News Center Staff


How to Have the 'Money Talk' With Your Partner

couple drinking coffee looking at a laptop

Time to propose that you and your loved one have that crucial conversation

Money impacts every aspect of our lives, from where we live to how we spend our time. Yet, in some circles, talking about money is considered taboo.

The good news is that stigma seems to be changing.

The 5th annual Love and Money survey from TD Bank revealed that 64% of couples talk about money with their significant other at least once a week.

Millennials tend to talk about money more, with 94% having financial discussions at least once a month, while 87% of Gen Xers and 82% of people ages 55 to 72 broach the topic just as often.

One way that couples are making it easier to talk about money with each other is by scheduling frequent 'money dates.' Here are some things to consider when planning a money date with your spouse or partner.

Commit to Regular Meetings

Consult your calendars and decide on a regular schedule for your money dates. You may want to meet weekly or twice a month at first, then scale back to once a month, as you become more comfortable discussing your finances.

Your meeting may run anywhere from 15 minutes to an hour, depending on what you need to discuss. Just try to block out some time where you can and eliminate distractions. Don't try to have meaningful money talk while watching TV, getting the kids ready for bed or scrolling through social media.

To make your money date something to look forward to, try having it at a local coffee shop or even at home over a glass of wine.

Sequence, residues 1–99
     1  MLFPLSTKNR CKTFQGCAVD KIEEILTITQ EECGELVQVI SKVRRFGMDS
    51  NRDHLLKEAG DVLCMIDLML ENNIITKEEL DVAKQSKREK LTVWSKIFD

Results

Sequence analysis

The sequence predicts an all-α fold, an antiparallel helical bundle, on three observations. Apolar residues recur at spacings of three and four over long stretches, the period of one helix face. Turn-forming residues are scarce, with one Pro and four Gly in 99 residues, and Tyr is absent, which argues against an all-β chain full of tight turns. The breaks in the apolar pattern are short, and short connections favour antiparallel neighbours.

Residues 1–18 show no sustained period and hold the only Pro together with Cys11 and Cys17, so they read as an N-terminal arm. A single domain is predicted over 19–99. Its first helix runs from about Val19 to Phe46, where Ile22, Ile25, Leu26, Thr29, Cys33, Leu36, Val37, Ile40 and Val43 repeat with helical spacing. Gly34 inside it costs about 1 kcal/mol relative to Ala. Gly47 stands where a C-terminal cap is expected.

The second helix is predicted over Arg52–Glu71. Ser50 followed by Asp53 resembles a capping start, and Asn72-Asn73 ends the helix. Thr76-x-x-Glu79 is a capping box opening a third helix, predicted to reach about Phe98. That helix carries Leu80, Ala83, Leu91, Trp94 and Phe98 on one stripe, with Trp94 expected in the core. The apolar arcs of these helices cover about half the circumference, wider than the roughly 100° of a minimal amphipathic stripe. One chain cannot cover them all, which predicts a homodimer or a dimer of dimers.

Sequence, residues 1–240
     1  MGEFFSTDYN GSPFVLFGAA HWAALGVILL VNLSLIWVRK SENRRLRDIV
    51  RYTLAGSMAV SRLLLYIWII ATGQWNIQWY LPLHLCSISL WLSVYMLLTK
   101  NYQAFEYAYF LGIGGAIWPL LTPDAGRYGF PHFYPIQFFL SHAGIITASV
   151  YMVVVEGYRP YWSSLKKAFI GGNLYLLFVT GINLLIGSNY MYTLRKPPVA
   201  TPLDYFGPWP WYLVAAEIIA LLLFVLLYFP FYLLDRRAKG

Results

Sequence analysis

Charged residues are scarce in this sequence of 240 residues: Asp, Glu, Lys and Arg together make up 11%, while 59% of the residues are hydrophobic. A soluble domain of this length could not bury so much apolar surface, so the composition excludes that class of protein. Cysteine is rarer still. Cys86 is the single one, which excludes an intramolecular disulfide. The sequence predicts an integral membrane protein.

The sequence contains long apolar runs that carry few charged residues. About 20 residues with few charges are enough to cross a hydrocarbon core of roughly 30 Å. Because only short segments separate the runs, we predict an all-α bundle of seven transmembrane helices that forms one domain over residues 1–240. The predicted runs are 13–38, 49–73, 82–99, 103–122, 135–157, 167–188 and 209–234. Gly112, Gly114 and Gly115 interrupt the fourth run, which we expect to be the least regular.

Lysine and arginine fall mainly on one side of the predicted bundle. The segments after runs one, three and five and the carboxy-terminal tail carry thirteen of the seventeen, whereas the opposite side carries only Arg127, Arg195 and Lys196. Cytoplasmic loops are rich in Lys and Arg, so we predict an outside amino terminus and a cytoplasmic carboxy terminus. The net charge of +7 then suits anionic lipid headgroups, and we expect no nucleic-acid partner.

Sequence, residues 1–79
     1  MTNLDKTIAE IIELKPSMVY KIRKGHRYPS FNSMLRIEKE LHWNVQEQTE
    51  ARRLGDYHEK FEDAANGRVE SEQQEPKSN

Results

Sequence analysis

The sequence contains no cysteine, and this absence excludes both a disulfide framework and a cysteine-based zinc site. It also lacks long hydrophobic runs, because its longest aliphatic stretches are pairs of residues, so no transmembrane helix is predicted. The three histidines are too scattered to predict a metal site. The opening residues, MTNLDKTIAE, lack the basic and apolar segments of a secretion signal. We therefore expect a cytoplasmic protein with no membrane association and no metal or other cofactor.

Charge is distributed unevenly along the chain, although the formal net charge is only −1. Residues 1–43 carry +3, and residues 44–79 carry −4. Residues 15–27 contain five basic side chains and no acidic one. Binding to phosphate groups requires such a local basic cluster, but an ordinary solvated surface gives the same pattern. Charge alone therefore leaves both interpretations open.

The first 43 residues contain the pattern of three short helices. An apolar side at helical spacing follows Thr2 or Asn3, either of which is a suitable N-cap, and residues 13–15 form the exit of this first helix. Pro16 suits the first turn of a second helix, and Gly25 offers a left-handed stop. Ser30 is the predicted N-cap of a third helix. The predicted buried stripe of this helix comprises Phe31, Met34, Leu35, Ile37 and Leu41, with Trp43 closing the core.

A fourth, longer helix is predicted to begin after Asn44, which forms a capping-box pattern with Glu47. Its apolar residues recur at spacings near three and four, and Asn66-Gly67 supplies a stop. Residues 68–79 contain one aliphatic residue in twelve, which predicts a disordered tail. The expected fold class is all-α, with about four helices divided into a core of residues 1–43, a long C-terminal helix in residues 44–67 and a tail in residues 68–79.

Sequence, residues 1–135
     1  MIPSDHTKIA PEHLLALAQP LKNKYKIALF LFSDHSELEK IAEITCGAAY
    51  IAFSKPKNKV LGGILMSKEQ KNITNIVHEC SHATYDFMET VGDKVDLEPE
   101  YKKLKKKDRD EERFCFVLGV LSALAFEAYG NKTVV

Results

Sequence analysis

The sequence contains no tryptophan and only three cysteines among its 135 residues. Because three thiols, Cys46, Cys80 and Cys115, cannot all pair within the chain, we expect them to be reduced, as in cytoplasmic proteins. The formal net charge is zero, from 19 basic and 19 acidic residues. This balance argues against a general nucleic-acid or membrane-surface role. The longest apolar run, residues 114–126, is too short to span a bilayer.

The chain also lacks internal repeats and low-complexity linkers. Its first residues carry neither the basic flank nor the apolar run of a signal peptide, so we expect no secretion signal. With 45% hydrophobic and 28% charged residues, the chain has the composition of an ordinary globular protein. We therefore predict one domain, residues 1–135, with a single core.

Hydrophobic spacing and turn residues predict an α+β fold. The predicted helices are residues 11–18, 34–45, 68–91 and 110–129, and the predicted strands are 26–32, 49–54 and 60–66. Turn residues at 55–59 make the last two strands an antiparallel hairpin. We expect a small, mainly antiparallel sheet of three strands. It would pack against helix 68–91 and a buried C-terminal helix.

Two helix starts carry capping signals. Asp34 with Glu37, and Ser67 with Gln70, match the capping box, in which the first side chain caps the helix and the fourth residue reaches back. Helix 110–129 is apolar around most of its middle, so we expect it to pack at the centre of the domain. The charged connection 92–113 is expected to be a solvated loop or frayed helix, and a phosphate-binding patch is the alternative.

Create an Agenda

Every money date needs a clear focus and a list of topics to discuss. A good place to start is to consider your goals.

  • Refining your budget: Review your income and expenses for the month, paying close attention to any areas where you've been going over budget. Regular overspending in a particular category may indicate you need to work harder in that area. On the other hand, it could mean your budget isn't realistic, and you need to decrease spending in another area to allocate it here.
  • Increasing your savings: Your money date is the perfect time to check in on savings goals. After reviewing your budget and account balances, consider whether you can increase automatic transfers to savings to reach your goal faster.
  • Paying off debt: If you're working on getting out of debt, review your progress in this area. Consider whether you can afford to increase your monthly payments to pay off debt faster.

Address Things Early

Your money date is also a good opportunity to talk through any immediate concerns or pressing issues. Talk to your significant other about any money-related struggles you're going through at the moment and assign financial chores to each spouse, such as finding a new financial advisor or adjusting automatic transfers to savings. Raising these issues early on can help prevent them from escalating later down the road.

Keep an Open Mind

Remember to keep the conversation positive. Consider starting each money date by complimenting your significant other for a recent fiscal decision that proved wise.

Keep the conversation upbeat and try to avoid lectures about spending or past financial decisions. Instead, focus on your goals and the best way to reach them together. Since your ultimate goal is to build a stable financial future for you both, the best way to do that is with open, honest and regular communication.


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